Reunified Families, Strong Families

Parents and 2 children smiling happily

Reunified Families, Strong Families

Put yourself in the shoes of a parent whose children are in foster care.  Can you imagine it?  Open up your mind and ….

You are sitting in your house, and someone knocks at the door.  It’s been a rough day and you don’t want to deal with it.  Your back is killing you again, like it has everyday since you had your car accident.  You’re out of oxy again.  It just doesn’t cut it anymore and you are angry all the time now.  And the kids won’t stop screaming.  They are always fussing and fighting and needing something every second.  You are so tired of it all.  You’d be happy not to hear anyone yell “Mom” for just one hour. 

On my gosh, they won’t take the hint.  They are still at your door knocking and someone is calling out your name.  You go to the door and peak out.  You don’t know this person and she has a police officer with her.  What in the world is going on?  You break out in a cold sweat.  You’ve been buying Oxy from your neighbor Jim for a few months now.  Ever since that stupid doctor said he wouldn’t prescribe them to you anymore.  Are you getting busted? 

You open the door and the lady starts telling you she is with Department of Children and Family Services and she needs to come into the house and visit with you and the kids, take a look around, and she needs you to do a drug test.  She explains that someone made a report about physical abuse based on bruises on Lindsey’s arm and neglect because your home isn’t safe and your kids are dirty.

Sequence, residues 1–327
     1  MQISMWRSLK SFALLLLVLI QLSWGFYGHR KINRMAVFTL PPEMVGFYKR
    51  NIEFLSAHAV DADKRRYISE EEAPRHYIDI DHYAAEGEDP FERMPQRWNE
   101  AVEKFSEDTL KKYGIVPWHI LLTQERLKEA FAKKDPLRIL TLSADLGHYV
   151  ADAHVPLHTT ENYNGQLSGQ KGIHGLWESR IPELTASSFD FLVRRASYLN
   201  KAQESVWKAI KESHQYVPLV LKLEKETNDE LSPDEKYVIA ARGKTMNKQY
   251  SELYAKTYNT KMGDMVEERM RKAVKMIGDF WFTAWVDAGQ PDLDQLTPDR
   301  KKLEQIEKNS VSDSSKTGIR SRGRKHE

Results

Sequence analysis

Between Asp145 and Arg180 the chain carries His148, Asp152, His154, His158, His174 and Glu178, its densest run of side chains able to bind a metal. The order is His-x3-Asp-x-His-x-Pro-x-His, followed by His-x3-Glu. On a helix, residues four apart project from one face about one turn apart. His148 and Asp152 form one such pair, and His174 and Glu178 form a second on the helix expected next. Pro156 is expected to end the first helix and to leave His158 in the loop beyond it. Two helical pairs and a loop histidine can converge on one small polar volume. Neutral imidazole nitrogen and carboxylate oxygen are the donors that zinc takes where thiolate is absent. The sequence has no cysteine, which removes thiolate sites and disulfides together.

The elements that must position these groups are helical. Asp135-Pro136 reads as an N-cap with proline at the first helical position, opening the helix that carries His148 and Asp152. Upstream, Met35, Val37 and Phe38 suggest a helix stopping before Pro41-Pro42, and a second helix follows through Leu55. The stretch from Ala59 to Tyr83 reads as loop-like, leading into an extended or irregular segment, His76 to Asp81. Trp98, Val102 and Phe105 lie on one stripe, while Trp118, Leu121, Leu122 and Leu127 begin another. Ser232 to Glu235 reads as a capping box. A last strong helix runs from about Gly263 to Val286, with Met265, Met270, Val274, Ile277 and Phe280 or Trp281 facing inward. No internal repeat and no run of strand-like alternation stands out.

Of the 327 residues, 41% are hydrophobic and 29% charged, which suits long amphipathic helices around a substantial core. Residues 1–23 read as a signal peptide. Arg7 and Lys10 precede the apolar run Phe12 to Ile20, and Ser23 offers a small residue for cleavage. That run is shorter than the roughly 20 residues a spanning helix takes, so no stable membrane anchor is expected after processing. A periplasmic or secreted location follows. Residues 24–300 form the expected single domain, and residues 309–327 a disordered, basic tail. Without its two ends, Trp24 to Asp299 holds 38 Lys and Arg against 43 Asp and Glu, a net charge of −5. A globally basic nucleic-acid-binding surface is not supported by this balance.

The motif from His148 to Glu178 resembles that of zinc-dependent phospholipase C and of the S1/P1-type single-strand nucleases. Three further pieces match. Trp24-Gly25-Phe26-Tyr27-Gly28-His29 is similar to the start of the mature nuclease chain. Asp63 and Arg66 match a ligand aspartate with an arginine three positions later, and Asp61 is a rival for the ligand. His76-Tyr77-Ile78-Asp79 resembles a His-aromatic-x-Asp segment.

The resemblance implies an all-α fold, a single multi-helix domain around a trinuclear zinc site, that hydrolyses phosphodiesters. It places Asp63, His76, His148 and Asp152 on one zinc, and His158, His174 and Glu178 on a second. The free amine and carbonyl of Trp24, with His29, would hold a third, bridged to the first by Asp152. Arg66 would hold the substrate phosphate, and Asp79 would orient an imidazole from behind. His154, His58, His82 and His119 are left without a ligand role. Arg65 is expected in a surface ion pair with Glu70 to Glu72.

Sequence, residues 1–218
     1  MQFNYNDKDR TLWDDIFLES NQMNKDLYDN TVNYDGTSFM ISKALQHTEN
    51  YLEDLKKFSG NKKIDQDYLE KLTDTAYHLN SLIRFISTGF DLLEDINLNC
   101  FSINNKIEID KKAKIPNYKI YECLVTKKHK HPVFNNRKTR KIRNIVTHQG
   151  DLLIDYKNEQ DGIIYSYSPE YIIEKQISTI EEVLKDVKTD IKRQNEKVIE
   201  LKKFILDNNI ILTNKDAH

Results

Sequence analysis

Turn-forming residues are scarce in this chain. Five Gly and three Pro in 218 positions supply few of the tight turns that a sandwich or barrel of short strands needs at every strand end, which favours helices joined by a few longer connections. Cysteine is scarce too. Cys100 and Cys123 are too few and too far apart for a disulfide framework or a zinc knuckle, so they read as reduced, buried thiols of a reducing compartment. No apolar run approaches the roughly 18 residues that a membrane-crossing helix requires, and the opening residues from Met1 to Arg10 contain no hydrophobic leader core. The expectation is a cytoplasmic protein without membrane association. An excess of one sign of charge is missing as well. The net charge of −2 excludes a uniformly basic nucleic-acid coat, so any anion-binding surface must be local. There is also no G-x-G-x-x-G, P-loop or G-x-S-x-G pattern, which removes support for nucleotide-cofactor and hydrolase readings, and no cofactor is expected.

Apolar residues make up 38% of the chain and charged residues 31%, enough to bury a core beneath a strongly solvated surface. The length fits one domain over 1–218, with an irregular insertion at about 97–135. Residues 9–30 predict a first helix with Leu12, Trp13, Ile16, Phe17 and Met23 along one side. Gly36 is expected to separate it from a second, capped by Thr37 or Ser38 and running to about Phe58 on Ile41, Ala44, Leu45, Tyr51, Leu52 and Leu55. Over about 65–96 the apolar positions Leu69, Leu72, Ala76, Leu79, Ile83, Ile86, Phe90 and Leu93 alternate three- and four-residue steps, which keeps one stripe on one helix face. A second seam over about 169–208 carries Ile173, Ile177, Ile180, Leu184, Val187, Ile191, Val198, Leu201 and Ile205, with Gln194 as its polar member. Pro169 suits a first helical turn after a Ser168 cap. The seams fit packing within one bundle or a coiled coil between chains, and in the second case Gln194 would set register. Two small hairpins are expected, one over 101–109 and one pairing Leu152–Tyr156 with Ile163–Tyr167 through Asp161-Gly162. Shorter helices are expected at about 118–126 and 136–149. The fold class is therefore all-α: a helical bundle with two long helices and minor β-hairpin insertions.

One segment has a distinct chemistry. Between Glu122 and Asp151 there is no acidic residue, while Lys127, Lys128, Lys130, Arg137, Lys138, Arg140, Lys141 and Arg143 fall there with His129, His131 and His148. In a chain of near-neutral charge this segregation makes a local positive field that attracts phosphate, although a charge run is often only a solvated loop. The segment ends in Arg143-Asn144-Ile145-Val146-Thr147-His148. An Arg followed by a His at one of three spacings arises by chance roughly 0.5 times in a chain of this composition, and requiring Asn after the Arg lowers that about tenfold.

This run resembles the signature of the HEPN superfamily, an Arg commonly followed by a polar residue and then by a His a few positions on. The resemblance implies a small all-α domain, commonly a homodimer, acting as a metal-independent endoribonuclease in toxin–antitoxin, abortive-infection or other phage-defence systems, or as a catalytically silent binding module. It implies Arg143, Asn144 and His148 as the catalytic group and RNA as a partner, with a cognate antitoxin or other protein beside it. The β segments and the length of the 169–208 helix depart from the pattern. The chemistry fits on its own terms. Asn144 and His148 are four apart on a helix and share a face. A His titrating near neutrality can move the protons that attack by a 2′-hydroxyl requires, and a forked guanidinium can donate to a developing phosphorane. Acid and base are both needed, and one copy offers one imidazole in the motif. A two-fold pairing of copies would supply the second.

You are shocked.  You’re a good mom.  You play with your kids, have set bedtimes, cook…well maybe not as much since the car accident.  You might have been a little too rough a few times lately, but you aren’t an abuser. 

Your drug test is positive for oxy.  You knew it would be.  Of course, you can’t produce a current prescription bottle. If that dumb doctor hadn’t cut you off, you’d still have a bottle and more money.  It was so much cheaper when you actually had a prescription.   You still can’t get over this woman standing there in the same room with you while you pee.  This is an invasion of your privacy!  How can they just walk in your house like this?  If that officer hadn’t been there, you wouldn’t have ever opened the door no matter how long this woman called your name and knocked.

You get a little angry when she takes your kids into another room to talk to them alone.  The officer had to tell you to be quiet and sit down.  They are just little kids- just 7 and 4.  They must be scared and need their mom.  You hear Lindsey crying.

It’s a nightmare.  The woman goes through your house room by room.  She says it isn’t safe.  Says there is environmental neglect.  What in the heck is that?  It’s messy, okay it has gotten a bit dirty.  You used to take the trash out and wash dishes every night, do the laundry.  When did it get like this?  Still, it can’t be that bad.  It’s just a dirty house…a really dirty house.  She’s asking about the bruises on Lindsey’s arm and on the back of Nikki’s legs.  Maybe you were a little rough, but they just bruise easily.  For God’s sake, you wouldn’t hurt your kids!

You lose it, flat out lose your mind when this crazy lady says she’s taking your kids.  You yell at her that she’ll take them over your dead body.  They are your kids!  You have to protect them.  You are all they have since their dad walked out.  The police officer makes you sit on the couch.  The girls are both crying now.  The lady takes a garbage bag out of your kitchen and is putting some of the kid’s stuff in it.  She’s talking about a court date and foster care.  None of it is really registering.  Dear God, where are they taking your kids?

You are angry, afraid, guilty, sad – all at once.  You are alone.  You curl up in a ball on the couch and cry for what seems like hours.  When you finally are able to stop crying, you call Jim.  You really need an oxy.  Just one more.